A total of 21,043 vehicles have crossed the Hakari Bridge, which links Armenia to Nagorno-Karabakh, since last week, Baghdasaryan said. Some lined up for days because the winding mountain road that is the only route to Armenia became jammed.
“The speed of it has caught everyone, including the Armenian authorities and the UN by surprise,” said Al Jazeera’s Bernard Smith.
The departure of more than 80 percent of Nagorno-Karabakh’s population raises questions about Azerbaijan’s plans for the enclave that was internationally recognised as part of its territory.
“[In Nagorno-Karabakh] we’re seeing scenes of eerie silence, empty streets, empty shops, and vacant homes,” said Al Jazeera’s Osama Bin Javaid, reporting from Horadiz. “Just a fraction of the population remains in this enclave where people have been assured that they will not be persecuted by Azerbaijani forces as they take control of these areas.”
The region’s separatist ethnic Armenian government said Thursday it would dissolve itself by the end of the year after a three-decade bid for independence.
Pashinyan has alleged the ethnic Armenian exodus amounted to “a direct act of an ethnic cleansing and depriving people of their motherland”.
Azerbaijan’s Ministry of Foreign Affairs strongly rejected the characterisation, saying the mass migration by the region’s residents was “their personal and individual decision and has nothing to do with forced relocation”.
However, Luis Moreno Ocampo, a former ICC chief prosecutor, told Al Jazeera that it is “obvious” what is happening is ethnic cleansing, saying that “the legal description is called genocide.”
“It’s an excuse that the Azerbaijan government saying, ‘oh, [leaving] was voluntary’ after they were bombing them and were starving them to death for months,” Ocampo said.
During three decades of conflict in the region, Azerbaijan and the separatists backed by Armenia have accused each other of targeted attacks, massacres and other atrocities, leaving people on both sides deeply suspicious and fearful.
While Azerbaijan has pledged to respect the rights of ethnic Armenians in Nagorno-Karabakh, most are fleeing because they do not trust Azerbaijani authorities to treat them humanely or guarantee their language, religion and culture.
“None of the people we’ve spoken to have confidence in the Azerbaijan government’s claim that their security would be guaranteed if they decided to stay,” said Smith, Al Jazeera’s correspondent in Yerevan.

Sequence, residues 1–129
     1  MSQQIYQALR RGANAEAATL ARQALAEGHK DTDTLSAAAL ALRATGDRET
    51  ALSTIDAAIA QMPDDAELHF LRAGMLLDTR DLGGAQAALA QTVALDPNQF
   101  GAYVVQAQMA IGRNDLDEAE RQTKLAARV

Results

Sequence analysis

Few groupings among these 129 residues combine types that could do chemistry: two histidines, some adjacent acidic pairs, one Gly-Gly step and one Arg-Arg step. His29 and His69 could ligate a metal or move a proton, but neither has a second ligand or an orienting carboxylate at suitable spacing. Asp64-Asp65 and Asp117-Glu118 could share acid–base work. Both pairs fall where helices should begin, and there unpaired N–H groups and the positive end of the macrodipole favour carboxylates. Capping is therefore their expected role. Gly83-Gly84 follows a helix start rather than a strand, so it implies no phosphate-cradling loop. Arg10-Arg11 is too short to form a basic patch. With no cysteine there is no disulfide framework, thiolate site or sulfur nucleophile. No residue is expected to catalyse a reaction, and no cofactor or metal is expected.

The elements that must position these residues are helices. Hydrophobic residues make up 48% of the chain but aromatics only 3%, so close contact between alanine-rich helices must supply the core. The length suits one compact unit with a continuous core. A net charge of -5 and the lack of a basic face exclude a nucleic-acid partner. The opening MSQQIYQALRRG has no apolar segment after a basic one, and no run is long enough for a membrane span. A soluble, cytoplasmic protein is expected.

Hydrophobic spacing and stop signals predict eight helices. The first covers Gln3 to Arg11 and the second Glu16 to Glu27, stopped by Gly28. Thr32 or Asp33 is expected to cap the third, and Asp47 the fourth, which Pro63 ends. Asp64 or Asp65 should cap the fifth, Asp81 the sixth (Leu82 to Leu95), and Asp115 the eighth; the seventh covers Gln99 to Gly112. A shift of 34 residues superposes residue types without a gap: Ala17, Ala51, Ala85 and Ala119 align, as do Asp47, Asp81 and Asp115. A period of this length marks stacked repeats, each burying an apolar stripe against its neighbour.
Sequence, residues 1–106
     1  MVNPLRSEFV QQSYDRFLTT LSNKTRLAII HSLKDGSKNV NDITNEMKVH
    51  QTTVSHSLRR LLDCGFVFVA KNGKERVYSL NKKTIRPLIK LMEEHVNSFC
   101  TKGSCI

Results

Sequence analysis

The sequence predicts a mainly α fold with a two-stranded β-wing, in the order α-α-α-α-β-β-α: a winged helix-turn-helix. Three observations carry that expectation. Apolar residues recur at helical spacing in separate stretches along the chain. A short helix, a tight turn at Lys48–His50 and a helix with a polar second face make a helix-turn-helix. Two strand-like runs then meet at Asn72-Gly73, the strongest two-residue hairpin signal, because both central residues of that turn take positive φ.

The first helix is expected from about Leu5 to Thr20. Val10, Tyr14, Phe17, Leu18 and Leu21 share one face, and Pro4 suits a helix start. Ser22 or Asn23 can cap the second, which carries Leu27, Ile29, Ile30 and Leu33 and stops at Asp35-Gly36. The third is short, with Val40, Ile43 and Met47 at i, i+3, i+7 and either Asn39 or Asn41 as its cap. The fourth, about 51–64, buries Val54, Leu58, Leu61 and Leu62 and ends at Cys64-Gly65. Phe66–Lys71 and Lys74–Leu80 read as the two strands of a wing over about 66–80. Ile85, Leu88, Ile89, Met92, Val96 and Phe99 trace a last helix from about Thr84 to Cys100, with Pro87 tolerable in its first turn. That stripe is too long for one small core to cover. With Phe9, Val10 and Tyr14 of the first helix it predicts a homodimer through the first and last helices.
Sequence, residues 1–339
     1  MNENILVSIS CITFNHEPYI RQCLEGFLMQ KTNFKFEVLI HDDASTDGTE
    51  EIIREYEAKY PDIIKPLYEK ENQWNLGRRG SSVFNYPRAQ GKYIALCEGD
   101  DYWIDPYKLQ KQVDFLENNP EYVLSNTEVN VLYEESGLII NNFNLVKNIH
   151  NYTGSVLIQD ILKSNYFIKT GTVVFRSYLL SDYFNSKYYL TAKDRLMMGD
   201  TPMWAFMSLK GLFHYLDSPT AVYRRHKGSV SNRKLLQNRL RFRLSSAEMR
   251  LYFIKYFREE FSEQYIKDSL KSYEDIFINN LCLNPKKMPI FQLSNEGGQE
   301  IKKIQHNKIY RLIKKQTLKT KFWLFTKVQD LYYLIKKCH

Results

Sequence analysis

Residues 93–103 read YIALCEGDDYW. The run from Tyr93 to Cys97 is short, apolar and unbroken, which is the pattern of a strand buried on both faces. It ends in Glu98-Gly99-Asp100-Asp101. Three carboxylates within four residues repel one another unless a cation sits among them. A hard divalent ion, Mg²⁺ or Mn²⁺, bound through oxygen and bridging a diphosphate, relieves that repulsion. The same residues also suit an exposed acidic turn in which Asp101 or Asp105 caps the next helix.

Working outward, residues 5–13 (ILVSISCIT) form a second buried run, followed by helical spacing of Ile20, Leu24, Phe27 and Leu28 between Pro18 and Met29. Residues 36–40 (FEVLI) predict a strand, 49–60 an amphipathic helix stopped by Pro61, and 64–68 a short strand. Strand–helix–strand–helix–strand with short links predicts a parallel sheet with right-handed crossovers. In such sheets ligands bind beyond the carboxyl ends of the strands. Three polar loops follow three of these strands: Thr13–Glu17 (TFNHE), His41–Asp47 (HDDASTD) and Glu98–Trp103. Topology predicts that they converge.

“They’re frightened because they fear, despite Azerbaijan’s assurances, they fear they will be treated as the losers and the Azerbaijanis will come in as the victors,” he said.
The office of Italy’s prime minister said on Saturday that Armenia has asked the European Union for assistance to help it deal with refugees arriving from Nagorno-Karabakh.
Years of fighting
Azerbaijan’s Ministry of Defence said later on Saturday that one of its servicemen was killed by sniper fire from Armenian forces in the border district of Kalbajar, but the alleged incident was swiftly refuted by Armenia.
Interfax news agency cited the Armenian Ministry of Defence as saying the report was incorrect, without giving further details.
After six years of separatist fighting ended in 1994 following the collapse of the Soviet Union, Nagorno-Karabakh came under the control of ethnic Armenian forces backed by Armenia. Then, during a six-week war in 2020, Azerbaijan took back parts of the region in the South Caucasus Mountains along with surrounding territory that Armenian forces had claimed earlier.
In December, Azerbaijan blocked the Lachin Corridor, the only road connecting Nagorno-Karabakh with Armenia, accusing the Armenian government of using it for illicit weapons shipments to the region’s separatist forces.
Weakened by the blockade and with Armenia’s leadership distancing itself from the conflict, ethnic Armenian forces in the region agreed to lay down arms less than 24 hours after Azerbaijan began its offensive. Talks have begun between officials in the Azerbaijani capital of Baku and Nagorno-Karabakh’s separatist authorities on “reintegrating” the region into Azerbaijan.